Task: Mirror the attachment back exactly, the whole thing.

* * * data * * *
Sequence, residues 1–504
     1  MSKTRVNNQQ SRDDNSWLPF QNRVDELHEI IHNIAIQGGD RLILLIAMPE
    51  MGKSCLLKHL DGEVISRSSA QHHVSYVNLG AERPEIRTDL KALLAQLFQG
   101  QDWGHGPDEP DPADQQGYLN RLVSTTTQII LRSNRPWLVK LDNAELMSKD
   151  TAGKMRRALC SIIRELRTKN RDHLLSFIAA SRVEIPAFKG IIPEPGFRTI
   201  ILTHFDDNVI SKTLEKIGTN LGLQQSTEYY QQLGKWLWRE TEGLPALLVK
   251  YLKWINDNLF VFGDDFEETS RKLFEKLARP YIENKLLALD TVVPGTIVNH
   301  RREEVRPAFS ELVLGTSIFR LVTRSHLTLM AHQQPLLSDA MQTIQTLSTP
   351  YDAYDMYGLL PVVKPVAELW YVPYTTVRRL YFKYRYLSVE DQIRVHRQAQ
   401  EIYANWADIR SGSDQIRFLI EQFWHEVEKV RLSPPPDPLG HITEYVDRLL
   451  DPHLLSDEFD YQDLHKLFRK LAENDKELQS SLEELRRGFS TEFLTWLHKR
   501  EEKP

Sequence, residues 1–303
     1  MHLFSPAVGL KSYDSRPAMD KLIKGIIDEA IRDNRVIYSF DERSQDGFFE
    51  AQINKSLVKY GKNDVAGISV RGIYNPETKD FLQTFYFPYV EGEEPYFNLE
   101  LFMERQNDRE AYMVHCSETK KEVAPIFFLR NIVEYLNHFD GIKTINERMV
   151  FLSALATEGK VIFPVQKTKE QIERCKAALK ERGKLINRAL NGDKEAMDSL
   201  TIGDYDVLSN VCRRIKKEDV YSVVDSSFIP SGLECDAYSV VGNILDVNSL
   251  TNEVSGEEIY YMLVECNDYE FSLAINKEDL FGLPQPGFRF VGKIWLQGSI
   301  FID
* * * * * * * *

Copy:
Sequence, residues 1–504
     1  MSKTRVNNQQ SRDDNSWLPF QNRVDELHEI IHNIAIQGGD RLILLIAMPE
    51  MGKSCLLKHL DGEVISRSSA QHHVSYVNLG AERPEIRTDL KALLAQLFQG
   101  QDWGHGPDEP DPADQQGYLN RLVSTTTQII LRSNRPWLVK LDNAELMSKD
   151  TAGKMRRALC SIIRELRTKN RDHLLSFIAA SRVEIPAFKG IIPEPGFRTI
   201  ILTHFDDNVI SKTLEKIGTN LGLQQSTEYY QQLGKWLWRE TEGLPALLVK
   251  YLKWINDNLF VFGDDFEETS RKLFEKLARP YIENKLLALD TVVPGTIVNH
   301  RREEVRPAFS ELVLGTSIFR LVTRSHLTLM AHQQPLLSDA MQTIQTLSTP
   351  YDAYDMYGLL PVVKPVAELW YVPYTTVRRL YFKYRYLSVE DQIRVHRQAQ
   401  EIYANWADIR SGSDQIRFLI EQFWHEVEKV RLSPPPDPLG HITEYVDRLL
   451  DPHLLSDEFD YQDLHKLFRK LAENDKELQS SLEELRRGFS TEFLTWLHKR
   501  EEKP

Sequence, residues 1–303
     1  MHLFSPAVGL KSYDSRPAMD KLIKGIIDEA IRDNRVIYSF DERSQDGFFE
    51  AQINKSLVKY GKNDVAGISV RGIYNPETKD FLQTFYFPYV EGEEPYFNLE
   101  LFMERQNDRE AYMVHCSETK KEVAPIFFLR NIVEYLNHFD GIKTINERMV
   151  FLSALATEGK VIFPVQKTKE QIERCKAALK ERGKLINRAL NGDKEAMDSL
   201  TIGDYDVLSN VCRRIKKEDV YSVVDSSFIP SGLECDAYSV VGNILDVNSL
   251  TNEVSGEEIY YMLVECNDYE FSLAINKEDL FGLPQPGFRF VGKIWLQGSI
   301  FID